I know what you have all been wondering
I know this because the curiosity of others has peaked and many have reached out to ask “Why did you go to Mexico?” and “What did you do with your time?”. If you read the last two posts, or followed my journey on snapchat and facebook, then you may know that I was eating amazing food, riding my motorcycle to beautiful beaches and cenotes, and making some extremely beautiful friendships. What I was also hoping to do was take time to read and write, which I did a little. I spent very little time watching television, but a show that was suggested to me multiple times caught my interest: Cooked. It is a show that can be watched on Netflix, and it is about the different methods of cooking and preparing foods over the course of time.
Life evolves quickly when you are open and ready
While watching the first episode, I was sent a screenshot of a tweet from Michael Pollan about a journalism fellowship at UC Berkeley. Michael Pollan is a best selling author that has written the Botany of Desire and The Omnivores Dilemma, in addition to 5 other books. His book Cooked turned into this show where he explores these transformations of foods. Suddenly I realized that this amazing author who is influencing my way of thinking of food and writing is now leading a journalism fellowship. The fellowship is accepting 10 applicants to pitch a story that would be explored and written over the course of the next several months. My head was racing as I dreamed of the stories I could write with my experiences in farming and love of food and horticulture. I decided I would apply for this fellowship, even though my experience does not match the awardees from previous years fellowships. Nevertheless, I knew that to pass on this opportunity would be regrettable, whether I would be successful in my endeavor or not. Looking at the requirements of the application I knew it would be tough to get together the 3 published clips, 2 letters of reference, my story pitch, and my resume in just a few short days with margaritas, popcorn, and movies in my sights. I researched, I wrote, I read my pitch to a few, and then I edited. I researched more, I wrote, I read my pitch to a few more, then I edited. I made calls and e-mails getting together my letters of reference and got everything together just in time. My confidence was built and I was feeling optimistic with my story pitch.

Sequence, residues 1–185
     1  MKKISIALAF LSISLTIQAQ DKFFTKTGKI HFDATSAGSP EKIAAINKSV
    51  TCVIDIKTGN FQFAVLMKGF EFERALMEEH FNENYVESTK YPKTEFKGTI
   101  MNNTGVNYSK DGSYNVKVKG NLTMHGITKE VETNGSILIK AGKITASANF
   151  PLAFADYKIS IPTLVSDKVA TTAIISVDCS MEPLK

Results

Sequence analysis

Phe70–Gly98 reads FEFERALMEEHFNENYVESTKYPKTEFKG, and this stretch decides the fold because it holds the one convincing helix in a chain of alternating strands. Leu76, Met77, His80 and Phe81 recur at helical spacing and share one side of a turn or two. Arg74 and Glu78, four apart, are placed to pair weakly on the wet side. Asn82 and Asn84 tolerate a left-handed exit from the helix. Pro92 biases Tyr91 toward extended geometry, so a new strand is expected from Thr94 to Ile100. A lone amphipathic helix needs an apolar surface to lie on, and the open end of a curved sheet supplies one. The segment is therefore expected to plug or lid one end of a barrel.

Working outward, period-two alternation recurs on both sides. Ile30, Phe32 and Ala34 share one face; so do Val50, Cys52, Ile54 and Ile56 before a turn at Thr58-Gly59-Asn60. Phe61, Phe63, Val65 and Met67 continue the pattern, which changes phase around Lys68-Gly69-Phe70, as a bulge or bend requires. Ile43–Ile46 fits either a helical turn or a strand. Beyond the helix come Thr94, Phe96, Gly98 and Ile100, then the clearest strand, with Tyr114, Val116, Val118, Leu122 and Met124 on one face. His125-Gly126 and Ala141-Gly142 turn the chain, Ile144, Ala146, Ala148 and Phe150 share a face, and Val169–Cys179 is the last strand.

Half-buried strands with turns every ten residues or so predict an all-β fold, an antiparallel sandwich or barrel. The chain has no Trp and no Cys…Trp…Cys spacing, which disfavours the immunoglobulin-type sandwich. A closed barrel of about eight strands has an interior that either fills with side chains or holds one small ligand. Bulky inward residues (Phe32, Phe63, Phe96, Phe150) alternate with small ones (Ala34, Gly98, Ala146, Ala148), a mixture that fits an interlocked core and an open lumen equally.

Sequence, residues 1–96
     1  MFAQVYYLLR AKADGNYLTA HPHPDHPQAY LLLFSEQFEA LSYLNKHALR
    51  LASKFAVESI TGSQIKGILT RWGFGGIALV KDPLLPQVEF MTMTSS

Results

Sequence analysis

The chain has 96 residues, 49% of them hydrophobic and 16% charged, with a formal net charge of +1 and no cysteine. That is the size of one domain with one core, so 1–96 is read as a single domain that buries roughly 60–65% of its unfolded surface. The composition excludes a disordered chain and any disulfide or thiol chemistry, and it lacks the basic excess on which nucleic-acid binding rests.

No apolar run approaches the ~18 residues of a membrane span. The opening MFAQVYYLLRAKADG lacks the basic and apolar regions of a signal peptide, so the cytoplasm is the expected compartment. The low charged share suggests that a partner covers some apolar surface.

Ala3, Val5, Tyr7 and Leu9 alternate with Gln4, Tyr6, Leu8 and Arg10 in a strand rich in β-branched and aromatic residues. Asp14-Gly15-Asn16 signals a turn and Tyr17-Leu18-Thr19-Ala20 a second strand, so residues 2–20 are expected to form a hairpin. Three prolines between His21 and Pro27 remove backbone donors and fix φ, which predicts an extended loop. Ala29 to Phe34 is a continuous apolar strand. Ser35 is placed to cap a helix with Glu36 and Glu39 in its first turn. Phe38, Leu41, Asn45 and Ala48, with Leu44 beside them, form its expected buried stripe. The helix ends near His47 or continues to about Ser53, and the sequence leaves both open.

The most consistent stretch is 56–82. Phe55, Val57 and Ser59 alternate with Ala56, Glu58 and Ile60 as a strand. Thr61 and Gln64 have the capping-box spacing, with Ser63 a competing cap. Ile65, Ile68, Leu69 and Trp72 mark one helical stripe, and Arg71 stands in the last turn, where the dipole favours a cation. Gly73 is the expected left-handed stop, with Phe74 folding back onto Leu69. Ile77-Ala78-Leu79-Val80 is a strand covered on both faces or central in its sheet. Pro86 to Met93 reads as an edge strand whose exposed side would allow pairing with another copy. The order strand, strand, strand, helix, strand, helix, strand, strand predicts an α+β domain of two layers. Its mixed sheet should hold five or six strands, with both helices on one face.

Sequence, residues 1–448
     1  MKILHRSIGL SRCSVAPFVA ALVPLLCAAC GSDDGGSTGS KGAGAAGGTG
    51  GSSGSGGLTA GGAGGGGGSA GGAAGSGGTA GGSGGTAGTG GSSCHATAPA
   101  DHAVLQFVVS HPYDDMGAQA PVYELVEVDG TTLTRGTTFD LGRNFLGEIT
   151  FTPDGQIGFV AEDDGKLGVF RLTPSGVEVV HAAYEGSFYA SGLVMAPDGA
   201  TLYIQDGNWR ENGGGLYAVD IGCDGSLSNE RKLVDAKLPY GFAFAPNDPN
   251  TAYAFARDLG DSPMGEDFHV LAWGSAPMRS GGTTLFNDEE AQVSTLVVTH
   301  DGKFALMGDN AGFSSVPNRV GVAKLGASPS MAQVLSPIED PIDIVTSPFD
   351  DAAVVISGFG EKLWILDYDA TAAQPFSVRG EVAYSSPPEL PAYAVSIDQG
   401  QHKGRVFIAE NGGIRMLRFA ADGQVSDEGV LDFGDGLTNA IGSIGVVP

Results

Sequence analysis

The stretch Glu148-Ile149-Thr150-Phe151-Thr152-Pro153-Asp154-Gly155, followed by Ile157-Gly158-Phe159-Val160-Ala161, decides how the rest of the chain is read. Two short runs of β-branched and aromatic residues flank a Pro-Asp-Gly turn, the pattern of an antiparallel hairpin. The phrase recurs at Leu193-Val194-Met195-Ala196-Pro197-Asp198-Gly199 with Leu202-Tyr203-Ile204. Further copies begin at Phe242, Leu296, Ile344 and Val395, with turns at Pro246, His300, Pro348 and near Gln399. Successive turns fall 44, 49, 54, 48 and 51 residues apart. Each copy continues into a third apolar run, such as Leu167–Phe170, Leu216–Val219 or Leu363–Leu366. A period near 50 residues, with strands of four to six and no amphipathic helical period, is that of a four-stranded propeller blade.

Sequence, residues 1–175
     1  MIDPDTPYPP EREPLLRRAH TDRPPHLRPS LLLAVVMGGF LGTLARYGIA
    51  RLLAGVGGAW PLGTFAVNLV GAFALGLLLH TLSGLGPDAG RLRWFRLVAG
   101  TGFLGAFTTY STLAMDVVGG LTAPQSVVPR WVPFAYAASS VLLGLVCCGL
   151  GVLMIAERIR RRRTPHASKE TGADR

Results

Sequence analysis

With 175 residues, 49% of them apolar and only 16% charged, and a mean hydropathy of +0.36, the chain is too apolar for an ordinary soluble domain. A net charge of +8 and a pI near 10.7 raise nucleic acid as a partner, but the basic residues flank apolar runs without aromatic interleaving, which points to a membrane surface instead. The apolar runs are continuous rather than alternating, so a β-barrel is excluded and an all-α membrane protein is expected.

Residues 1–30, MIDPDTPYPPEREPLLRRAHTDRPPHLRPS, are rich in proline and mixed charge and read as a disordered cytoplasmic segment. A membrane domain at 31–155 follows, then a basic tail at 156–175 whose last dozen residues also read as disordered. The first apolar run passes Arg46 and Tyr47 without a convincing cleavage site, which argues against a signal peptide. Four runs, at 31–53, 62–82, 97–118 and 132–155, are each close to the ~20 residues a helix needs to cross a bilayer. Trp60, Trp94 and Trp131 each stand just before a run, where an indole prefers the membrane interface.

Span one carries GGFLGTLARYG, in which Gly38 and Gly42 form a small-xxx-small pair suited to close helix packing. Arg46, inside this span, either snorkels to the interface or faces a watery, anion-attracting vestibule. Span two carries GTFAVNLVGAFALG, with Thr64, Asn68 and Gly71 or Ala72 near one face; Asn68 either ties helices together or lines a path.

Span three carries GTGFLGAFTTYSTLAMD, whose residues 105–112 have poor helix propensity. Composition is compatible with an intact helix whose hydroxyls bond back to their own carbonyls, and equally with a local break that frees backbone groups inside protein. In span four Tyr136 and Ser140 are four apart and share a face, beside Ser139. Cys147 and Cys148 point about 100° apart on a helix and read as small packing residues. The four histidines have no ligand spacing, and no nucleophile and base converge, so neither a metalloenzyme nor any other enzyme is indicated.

Here is my story pitch for you to read